To prepare the MALDI target, 1 μL of a mixture containing 10 μL 0.3 g/L α-cyano-4-hydroxy cinnamic acid (HCCA) in 2:1 ethanol/acetone (volume/volume) and 1 μL of the eluate was spotted onto the MALDI AnchorChip TM (Bruker Daltonics, Germany) sample target platform (384 spots) and then the target was air-dried (cocrystallization).

MS analysis

A linear Autoflex III MALDI-TOF mass spectrometer (Bruker Daltonics, Germany) was used with the following settings: ion source 1, 20.00 kV; ion source 2, 18.40 kV; lens, 7.50 kV; and pulsed ion extraction, 120 ns. Ionization was achieved via irradiation at the laser frequency of 25 Hz. A high gating factor with signal suppression up to 800 Dalton (Da) was used. The mass spectra were recorded in a linear positive mode. Mass calibration was performed using the calibration mixture of the peptides and proteins in the mass range of 1–10 kDa. Three MALDI preparations (MALDI spots) were measured for every MB fraction. For every MALDI spot, 450–550 spectra were quantified (30 laser shots at 15 to 18 different spot positions). The spectra were recorded automatically using the Autoflex Analysis software for the fuzzy-controlled adjustment of the critical instrument settings to generate raw data with optimized quality.

Data processing with ClinPro tools software

Data analyses were performed using Flex analysis version 3.0 and ClinPro Tools 2.2 (Bruker Daltonics, Germany). ClinPro Tools version 2.2 that uses a standard data preparation workflow including spectra pretreatment, peak picking and peak calculation operation, was employed to recognize peptide patterns. For statistical analysis, a SNN algorithm as implemented in this software suite was used to identify statistically significant differences in protein peaks among the groups analyzed. The protein fingerprint data were analyzed by ClinPro Tools 2.2. Comparisons between HCC, chronic hepatitis, liver cirrhosis and healthy controls were performed with the Wilcoxon test. Statistical significance was assumed when P value was < 0.001.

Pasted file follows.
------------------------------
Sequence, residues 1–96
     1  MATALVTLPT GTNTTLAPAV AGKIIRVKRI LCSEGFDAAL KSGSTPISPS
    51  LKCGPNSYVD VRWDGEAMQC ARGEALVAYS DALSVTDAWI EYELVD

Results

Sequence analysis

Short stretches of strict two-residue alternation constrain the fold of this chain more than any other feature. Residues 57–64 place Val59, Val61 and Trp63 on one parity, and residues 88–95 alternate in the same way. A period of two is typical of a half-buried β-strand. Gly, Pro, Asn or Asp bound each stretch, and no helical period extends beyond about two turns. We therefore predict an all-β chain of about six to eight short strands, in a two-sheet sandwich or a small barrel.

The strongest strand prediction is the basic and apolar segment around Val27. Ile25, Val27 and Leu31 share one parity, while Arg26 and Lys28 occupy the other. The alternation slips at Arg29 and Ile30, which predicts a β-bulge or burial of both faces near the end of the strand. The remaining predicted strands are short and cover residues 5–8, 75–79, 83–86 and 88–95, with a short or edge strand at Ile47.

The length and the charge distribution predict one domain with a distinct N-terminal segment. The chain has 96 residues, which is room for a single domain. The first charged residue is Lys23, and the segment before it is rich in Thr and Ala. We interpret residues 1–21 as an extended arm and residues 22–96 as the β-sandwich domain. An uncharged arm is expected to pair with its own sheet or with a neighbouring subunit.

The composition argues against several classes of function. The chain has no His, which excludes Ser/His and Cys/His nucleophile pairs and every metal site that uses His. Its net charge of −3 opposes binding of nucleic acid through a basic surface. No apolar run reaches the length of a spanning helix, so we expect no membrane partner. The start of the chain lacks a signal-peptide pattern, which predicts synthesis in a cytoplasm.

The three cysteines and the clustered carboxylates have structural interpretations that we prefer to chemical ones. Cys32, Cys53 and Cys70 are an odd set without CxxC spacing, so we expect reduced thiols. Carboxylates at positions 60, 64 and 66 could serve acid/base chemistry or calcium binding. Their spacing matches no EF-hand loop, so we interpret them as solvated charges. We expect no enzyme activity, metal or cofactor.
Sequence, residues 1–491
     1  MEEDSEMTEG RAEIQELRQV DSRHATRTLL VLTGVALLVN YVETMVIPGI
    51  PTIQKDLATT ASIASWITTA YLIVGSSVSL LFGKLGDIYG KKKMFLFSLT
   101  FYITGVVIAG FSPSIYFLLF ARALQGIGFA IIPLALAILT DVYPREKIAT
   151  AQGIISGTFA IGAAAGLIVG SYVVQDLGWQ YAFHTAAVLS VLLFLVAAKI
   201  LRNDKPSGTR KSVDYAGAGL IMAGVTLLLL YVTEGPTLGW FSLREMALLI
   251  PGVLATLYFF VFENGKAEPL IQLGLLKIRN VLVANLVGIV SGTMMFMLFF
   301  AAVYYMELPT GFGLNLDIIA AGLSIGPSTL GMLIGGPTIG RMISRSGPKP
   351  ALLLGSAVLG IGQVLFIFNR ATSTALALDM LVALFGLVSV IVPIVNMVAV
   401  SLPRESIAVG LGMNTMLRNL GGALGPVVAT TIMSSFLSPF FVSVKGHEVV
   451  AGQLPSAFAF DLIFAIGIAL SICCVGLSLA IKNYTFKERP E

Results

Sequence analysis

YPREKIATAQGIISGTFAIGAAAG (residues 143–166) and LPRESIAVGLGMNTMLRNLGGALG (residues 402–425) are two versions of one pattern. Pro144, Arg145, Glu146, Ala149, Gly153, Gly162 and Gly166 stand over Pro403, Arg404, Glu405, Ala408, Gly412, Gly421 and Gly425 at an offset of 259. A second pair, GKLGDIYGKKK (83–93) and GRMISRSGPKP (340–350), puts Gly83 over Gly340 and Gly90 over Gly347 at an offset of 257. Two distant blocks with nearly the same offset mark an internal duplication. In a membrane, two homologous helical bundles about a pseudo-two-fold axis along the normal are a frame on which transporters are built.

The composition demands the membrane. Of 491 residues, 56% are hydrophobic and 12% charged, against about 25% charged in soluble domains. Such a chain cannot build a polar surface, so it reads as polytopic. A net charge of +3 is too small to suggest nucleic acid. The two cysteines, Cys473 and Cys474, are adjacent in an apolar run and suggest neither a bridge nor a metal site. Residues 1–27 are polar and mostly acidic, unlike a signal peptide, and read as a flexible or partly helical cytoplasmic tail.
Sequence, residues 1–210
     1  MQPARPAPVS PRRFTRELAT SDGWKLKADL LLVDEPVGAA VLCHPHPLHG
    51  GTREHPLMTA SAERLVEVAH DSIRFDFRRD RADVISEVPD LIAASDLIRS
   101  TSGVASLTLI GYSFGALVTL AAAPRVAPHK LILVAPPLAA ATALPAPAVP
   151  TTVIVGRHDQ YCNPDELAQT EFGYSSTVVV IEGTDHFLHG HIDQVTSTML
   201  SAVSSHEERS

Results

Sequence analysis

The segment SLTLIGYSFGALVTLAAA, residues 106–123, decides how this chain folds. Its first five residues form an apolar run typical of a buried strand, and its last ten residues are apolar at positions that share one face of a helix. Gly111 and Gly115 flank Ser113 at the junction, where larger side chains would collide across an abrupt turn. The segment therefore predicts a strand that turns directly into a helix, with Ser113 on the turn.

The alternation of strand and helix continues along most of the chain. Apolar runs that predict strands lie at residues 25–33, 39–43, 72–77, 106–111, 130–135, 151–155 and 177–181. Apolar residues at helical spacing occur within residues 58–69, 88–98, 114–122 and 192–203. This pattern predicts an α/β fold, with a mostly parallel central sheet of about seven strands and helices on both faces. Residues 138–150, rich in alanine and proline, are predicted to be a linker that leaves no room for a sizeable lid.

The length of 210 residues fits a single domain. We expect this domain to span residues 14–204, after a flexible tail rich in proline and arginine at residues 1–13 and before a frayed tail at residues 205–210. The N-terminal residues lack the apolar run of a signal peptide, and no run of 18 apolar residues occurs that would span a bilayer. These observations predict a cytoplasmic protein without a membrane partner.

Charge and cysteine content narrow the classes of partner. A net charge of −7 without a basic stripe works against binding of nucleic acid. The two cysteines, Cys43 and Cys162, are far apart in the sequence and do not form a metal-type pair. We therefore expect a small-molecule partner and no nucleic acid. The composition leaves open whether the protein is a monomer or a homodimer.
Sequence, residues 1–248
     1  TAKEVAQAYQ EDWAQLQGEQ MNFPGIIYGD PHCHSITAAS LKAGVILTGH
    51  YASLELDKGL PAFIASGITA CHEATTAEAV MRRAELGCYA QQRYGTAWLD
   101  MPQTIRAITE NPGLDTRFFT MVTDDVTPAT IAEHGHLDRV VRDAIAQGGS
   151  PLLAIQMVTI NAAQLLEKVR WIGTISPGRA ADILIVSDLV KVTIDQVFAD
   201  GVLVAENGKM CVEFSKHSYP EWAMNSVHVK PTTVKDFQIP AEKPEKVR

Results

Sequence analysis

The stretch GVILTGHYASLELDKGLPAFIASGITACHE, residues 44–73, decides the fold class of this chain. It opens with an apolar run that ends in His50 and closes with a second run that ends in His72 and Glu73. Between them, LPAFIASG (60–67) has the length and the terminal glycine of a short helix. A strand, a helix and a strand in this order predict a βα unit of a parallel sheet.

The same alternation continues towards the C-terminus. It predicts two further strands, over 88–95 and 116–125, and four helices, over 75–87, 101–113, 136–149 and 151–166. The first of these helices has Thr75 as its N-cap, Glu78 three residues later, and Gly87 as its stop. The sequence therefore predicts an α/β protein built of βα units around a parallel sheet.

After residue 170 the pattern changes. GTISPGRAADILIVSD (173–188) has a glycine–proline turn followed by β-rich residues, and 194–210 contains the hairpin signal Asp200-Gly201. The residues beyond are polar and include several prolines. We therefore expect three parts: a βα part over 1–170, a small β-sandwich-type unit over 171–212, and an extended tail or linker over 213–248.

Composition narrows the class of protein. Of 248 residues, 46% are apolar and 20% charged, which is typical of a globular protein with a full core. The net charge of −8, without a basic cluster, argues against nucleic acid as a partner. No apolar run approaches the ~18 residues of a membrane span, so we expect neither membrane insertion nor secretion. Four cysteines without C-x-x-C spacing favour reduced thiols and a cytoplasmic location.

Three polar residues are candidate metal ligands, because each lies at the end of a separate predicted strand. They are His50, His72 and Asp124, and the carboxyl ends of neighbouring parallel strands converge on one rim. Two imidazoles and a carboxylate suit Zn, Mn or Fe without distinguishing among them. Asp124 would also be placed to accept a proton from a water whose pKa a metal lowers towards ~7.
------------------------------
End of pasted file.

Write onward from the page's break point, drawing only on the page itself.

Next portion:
Results

Serum LMW protein profile identification

MALDI-TOF MS combined with MB-WCX were used in the study to detect LMW protein profile spectra. A total of 80 serum samples from 32 HCC patients, 16 LC patients, 16 CH patients and 16 healthy controls were analyzed (Table 1) and the representative protein profile spectrum of each group was reported as in Figure 1.

Figure 1
Representative protein spectrum (1,000-10,000 Da) obtained from 4 group patients. (A) One sample of hepatocellular carcinoma. (B) One sample of liver cirrhosis. (C) One sample of chronic hepatitis. (D) One sample of healthy control.

Comparison of mass spectra between HCC, CH, LC and controls

We analyzed the LMW protein spectra of the three patient groups and healthy controls using a combined application of MB-WCX and MALDI-TOF MS within the mass range from 1 kDa to 10 kDa. Comparing three patient groups with the healthy controls, the study respectively detected 72, 62 and 58 m/z peaks in HCC, LC and CH groups; 49, 33 and 37 of them were significant (p < 0.001) when HCC, LC and CH groups compared with the healthy controls. When detection across all these groups was performed, there were 64 significant peaks. The average expressions of 12 selected peaks were exhibited as shown in Figure 2.

Figure 2
Comparison of the average expression levels at 12 m/z peaks (p < 0.001) between 4 groups.

Analysis of the LMW protein biomarkers and establishment of a diagnostic model for HCC

The protein samples were classified and a diagnostic model was established by using the SNN algorithm in ClinPro Tools software 2.2 to analyze all the detected peaks. The model comprised 11 potential biomarkers (m/z: 5247.62, 7637.05, 1450.87, 4054.21, 1073.37, 3883.64, 5064.37, 4644.96, 5805.51, 1866.47, 6579.6). The peaks at m/z 5247.62, 7637.05, 1073.37, 5064.37, 5805.51 and 6579.6 were up-regulated in the HCC group, while the peaks at m/z 1450.87, 4054.21, 3883.64, 4644.96 and 1866.47 were down-regulated in the HCC group. A combination of these 11 peaks could clearly distinguish between HCC patients and healthy controls as well as between LC or CH patients and healthy controls.